we‘re the quintessential ‗Urban Research University‘, after all.

We‘re right in the middle of downtown Atlanta, and downtown

Atlanta isn‘t going anywhere—so we have to make do with what

room we have. We can‘t just build new buildings—to do so would

require us to either get rid of our own, or buy someone else‘s.

We do these things, of course—but it is critically different

from the way a classic ‗grassy meadow‘ sort of University might

evaluate and use space. We must be more calculating in our

methods, because the commodity of space is a whole lot more

valuable when there is so little of it—which is entirely the

case in the middle of a metropolis.

Indeed, these same spaces also produces natural resources.

The environment is completely responsible for the existence of


these things; originally, anyway—mankind‘s husbandry (or

interference, others might say) certainly can modify and

manipulate these concepts. This still requires the environmental

space in the first place, though. Regardless, the environment is

a chief concern of sustainable philosophy—there is an

indubitable focus on the preservation of the natural world

(space) and the processes (and thus resources) that involve it.

Society is the next ring in this model of sustainability.

Society requires the environment, at least initially, to exist;


1) Human society in a product of culture.

2) Human culture is a product of biology.
3) Human biology is a product of nature.
4) Thus, human society is a product of nature.

We‘re a product of the natural world, as is our society. Through

society, we produce and construct the world around us, changing

the environment to suit our needs. Society is thus inexplicably

connected to sustainability—these changes, these developments—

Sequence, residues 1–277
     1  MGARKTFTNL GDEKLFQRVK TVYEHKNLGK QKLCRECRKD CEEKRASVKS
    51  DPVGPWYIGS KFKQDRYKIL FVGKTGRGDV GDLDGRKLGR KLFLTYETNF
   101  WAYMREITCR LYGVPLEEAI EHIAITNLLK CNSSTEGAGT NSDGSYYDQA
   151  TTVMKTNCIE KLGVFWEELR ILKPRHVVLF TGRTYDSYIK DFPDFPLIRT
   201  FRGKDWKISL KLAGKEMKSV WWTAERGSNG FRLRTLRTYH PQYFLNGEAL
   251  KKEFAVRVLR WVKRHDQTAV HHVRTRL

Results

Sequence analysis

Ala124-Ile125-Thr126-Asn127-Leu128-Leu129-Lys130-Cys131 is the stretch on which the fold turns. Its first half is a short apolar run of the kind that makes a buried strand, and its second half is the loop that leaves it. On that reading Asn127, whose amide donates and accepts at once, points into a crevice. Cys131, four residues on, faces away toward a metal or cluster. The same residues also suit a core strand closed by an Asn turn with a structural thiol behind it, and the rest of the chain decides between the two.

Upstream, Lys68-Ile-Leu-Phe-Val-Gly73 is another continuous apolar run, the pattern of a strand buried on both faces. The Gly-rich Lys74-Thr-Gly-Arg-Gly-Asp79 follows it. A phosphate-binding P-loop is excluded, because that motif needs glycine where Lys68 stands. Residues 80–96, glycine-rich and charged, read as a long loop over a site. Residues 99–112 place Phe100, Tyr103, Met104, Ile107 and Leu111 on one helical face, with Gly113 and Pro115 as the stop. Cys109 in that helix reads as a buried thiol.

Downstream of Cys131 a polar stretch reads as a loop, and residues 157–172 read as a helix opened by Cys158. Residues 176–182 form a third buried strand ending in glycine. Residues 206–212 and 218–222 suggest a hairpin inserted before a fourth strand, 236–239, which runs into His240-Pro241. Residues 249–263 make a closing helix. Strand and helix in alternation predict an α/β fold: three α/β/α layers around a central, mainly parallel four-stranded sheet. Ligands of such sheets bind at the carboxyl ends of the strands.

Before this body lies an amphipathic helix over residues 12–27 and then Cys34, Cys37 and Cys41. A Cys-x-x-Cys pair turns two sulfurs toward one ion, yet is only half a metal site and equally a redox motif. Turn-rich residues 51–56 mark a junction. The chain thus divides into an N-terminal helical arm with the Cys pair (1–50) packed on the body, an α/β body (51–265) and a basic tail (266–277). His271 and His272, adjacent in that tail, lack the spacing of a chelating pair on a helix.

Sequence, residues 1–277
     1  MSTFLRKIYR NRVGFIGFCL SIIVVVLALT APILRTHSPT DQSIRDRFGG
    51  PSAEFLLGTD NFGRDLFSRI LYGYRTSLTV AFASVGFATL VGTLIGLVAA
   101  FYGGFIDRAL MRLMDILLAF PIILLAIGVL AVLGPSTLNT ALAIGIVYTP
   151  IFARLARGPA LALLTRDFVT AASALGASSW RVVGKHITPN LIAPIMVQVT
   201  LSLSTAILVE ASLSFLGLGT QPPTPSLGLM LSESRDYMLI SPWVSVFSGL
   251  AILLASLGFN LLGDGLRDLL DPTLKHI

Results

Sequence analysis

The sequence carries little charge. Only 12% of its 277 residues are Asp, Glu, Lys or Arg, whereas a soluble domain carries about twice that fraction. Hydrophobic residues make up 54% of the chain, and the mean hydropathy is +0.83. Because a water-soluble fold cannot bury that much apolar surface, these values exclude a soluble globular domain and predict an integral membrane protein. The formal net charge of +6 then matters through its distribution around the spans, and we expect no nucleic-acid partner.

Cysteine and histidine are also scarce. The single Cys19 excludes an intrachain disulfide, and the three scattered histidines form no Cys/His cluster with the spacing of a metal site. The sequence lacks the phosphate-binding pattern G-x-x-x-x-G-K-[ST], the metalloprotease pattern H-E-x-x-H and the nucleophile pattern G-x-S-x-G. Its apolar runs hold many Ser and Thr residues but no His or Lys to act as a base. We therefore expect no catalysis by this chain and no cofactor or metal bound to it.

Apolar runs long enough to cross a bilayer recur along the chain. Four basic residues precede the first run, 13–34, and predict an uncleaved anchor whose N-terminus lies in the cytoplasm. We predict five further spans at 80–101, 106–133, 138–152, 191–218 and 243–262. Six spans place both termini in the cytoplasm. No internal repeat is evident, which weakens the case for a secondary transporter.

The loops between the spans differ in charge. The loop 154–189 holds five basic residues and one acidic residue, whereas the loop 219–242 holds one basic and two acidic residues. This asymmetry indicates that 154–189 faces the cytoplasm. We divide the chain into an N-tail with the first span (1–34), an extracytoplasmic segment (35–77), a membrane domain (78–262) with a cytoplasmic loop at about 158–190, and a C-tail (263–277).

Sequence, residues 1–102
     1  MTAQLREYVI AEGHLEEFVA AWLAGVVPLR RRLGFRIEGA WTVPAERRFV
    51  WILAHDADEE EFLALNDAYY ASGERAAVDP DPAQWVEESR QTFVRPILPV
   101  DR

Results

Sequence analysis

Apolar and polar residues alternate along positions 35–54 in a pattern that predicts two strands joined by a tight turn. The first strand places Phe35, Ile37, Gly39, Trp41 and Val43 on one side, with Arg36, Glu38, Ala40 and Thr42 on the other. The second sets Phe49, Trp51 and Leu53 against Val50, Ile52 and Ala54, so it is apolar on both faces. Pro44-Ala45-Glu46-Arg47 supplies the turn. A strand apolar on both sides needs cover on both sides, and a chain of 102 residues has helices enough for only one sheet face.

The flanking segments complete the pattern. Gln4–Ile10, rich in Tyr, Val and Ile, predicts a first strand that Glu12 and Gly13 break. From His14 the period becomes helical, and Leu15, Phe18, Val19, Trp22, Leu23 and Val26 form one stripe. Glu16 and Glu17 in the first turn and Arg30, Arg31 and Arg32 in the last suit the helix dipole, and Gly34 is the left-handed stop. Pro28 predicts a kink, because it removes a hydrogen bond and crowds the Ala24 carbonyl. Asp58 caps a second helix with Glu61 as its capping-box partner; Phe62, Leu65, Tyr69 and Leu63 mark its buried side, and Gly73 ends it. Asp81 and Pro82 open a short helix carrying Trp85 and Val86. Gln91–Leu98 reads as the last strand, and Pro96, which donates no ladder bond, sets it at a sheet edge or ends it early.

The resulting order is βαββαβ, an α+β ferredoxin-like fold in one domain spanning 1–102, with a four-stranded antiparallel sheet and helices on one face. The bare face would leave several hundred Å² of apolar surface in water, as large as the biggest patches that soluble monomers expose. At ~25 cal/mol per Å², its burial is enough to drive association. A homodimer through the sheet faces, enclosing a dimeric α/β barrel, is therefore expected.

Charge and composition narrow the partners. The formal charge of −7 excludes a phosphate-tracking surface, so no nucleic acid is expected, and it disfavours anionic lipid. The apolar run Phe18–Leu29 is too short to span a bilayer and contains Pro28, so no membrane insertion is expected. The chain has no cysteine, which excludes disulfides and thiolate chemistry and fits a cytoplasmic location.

they have to be ones that are sustainable. A sustainable social

structure aims for ideas of social justice, security and

equality. It aims for peace and egalitarianism. These are social

mechanisms that contribute to THE manufacture of sustainability—

as well as some of the goals of sustainable society. The goals


and the methods of sustainability are thoroughly intertwined,


The Economy is the final component in sustainable apparatus

according to Thomas Hak. What is ‗The Economy‘? This isn‘t so

easy to answer—society often gives a great exaltation to the

idea of ‗The Economy‘. Let us define, for these purposes, an

Economy as the following: a system of social processes involving

the management and distribution of resources; the consumption

and production of goods; and the ultimate perpetuation of said

processes. Let us further highlight that Economy is the core of

the system defined by Hak—it lies embedded within both Society

and the Environment. Without either, it could not exist—the

environment produces the basic resources needed to create an

economic system, and society must construct, maintain, and

perpetuate said system.

Ideas of economy are a core part of how these students

orient themselves in relation to the institution of Georgia

State and the processes of sustainability that is manufactures.

The first place that many students jump when asked about the

University‘s sustainability is economic in origin—they express


disillusionment with the University‘s efforts and a cynicism

aimed at its economic practices; many imagine that the only

reason Georgia State engages in any sustainable practice at all

is for the sake of either:

1) Saving Money.
2) Presenting a positive public image.

The second, of course, perpetuates the first. One student

expressed it quite solidly:

―Well, it looks good, you know. It looks good. So, you

know, so student and parents can see it, important people
can see it. This is why they only take prospective students
to the nicest areas, and use new buses to move them around…
they perpetuate this image for PR reasons… it brings them
more students, which means more money… it is good for
business, and the image of being ‗green-friendly‘ just adds
to that.‖
This cynicism was echoed across almost everyone I interviewed.

The Georgia State Commons provided an excellent opportunity

to better understand these sustainability concepts in tandem

with Georgia State. They are an enormous complex, located on 141

Piedmont Ave NE—4.2-acres in size, with two 15 story towers and

two 9 story ones, they house around 2000 students. They offer

single, two bedroom and four bedroom plans to students (Georgia

State University: Housing n.d.).

These students, therefore, have a unique perspective on

Georgia State‘s sustainability because they actually live on


campus—something that isn‘t absolute at a University with such a